QUICK! What dish can prevent scurvy? If you guessed lots and lots of oranges, you’re right. BUT! There are loads of other contenders, and I’d like to introduce to you one of them: sauerkraut.
It all started when I read about the benefits of fermenting vegetables, specifically, about the powerhouse that is kimchi. I was talking to my mom about it: it has probiotics, it’s spicy… and the process of fermenting vegetables is something new to me and something that I haven’t seen much of in the western diet.
My mom just gives me ‘the look’, “And what about sauerkraut?” D’oy! Turns out, we have our own ‘version’ of kimchi: sour cabbage! I researched a bit more, and found that the same bacteria you flourish to make kimchi is the same as that of sauerkrau they’re all lacto-bacteria that are supposed to be great for you. For the readers who are hesitant in eating bacteria on purpose, read up on this. Did I tell you that Captain Cook used it to prevent scurvy? Cool. Also, did you know probiotics may help with symptoms of some forms of eczema, and autism? Amazing. Finally, this is a great alternative to those who are lactose intolerant and feel left out because of all the hype about probiotics in yogurt!
Okay, now I know you’re dying to go out to the store and buy some. But not so fast. Most store-bought sauerkraut has been pasteurized, which you do not want. So, why not make some yourself? Treat it as a science project – that you can eat after!!
Here is a brief portion of the process of fermentation of sauerkraut from wikipedia:
“The fermentation process has three phases, these phases are sometimes referred to as population dynamics. In the first phase, anaerobic bacteria such as Klebsiella and Enterobacter lead the fermentation, and begin producing an acidic environment that favours later bacteria. The second phase starts as the acid levels become too high for many bacteria, and Leuconostoc mesenteroides and other Leuconostoc spp. take dominance. In the third phase, various Lactobacillus species, including L. brevis and L. plantarum, ferment any remaining sugars, further lowering the pH. Properly cured sauerkraut is sufficiently acidic to prevent a favorable environment for the growth of Clostridium botulinum, the toxins of which cause botulism.”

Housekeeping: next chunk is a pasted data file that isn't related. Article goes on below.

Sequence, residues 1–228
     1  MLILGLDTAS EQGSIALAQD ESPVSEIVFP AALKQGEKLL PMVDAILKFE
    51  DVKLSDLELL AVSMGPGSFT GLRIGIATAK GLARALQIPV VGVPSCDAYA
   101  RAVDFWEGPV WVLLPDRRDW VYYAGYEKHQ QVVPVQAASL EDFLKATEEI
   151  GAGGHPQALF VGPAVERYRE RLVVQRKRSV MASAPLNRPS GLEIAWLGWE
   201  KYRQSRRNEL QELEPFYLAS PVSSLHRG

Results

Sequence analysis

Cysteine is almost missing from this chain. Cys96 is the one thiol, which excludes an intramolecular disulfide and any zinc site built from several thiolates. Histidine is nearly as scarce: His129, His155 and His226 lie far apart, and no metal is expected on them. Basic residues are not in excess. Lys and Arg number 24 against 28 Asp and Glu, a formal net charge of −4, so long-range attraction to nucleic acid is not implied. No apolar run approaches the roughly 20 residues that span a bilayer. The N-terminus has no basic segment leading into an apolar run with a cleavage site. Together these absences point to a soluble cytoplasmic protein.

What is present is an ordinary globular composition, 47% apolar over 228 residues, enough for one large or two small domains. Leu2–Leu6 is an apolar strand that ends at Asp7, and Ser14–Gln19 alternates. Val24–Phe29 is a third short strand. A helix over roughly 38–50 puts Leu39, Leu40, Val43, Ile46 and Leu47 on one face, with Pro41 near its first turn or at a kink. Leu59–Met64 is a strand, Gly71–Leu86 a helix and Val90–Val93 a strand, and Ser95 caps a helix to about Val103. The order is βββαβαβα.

Please look at the bold: growth of C. botulinum is hindered because it is not the right environment and it is out-competed by the other bacteria. So do not worry about botulism!
Onto the show!
Start off with common cabbage, CANNING SALT (eg, Himalayan salt), and sliced carrots (optional). Make sure to weigh your cabbage so you can get an idea of how much salt you need to add. The ratio is roughly 3 liberal tablespoons of salt to 5 pounds of cabbage.
Take a knife and chop up the cabbage into smithereens!
Alright, now you have to transfer the sauerkraut to larger pot for it to ferment. Take a few handfuls of the cabbage and a some salt and mix it together in the pot. Pat that morsel down. Repeat this process until you have transferred all the sauerkraut into a large pot. The goal is to have the salt evenly distributed throughout the cabbage.
The next step varies from recipe to recipe, but the point is to weigh down the cabbage to encourage water out of the cabbage. What my mom does is take a plate that is a bit smaller than the circumference of the pot and put it on top of the cabbage. Then, she fills a large mason jar with water and puts in on top to act as a weight. Finally, cover everything with a towel so nothing foreign gets in there, and leave it at room temperature for three days!
After the three days, there should be cabbage juice at the top of the pot. At random times, take a long skewer and just skewer the cabbage to the bottom. This will let gas out, and will make it less smelly.
Finally, just take the cabbage, place it all in jars, and there you have it, sauerkraut!
Remember, it is advised to ease yourself into eating sauerkraut by eating a few fork-fulls a day because it is very acidic and might upset your stomach if you eat a bunch at once. Once you’ve adjusted to it, it is advised to just eat a couple of bites with every meal to improve digestion.
How to prepare:
1) place it in a bowl
2) drizzle with vegetable oil
3) sprinkle with sugar ( to taste)
4) Hear your stomach saying: THANK YOU!
Sauerkraut tastes best paired with meat, but it’s a good combination with almost everything. What do you like to pair sauerkraut with?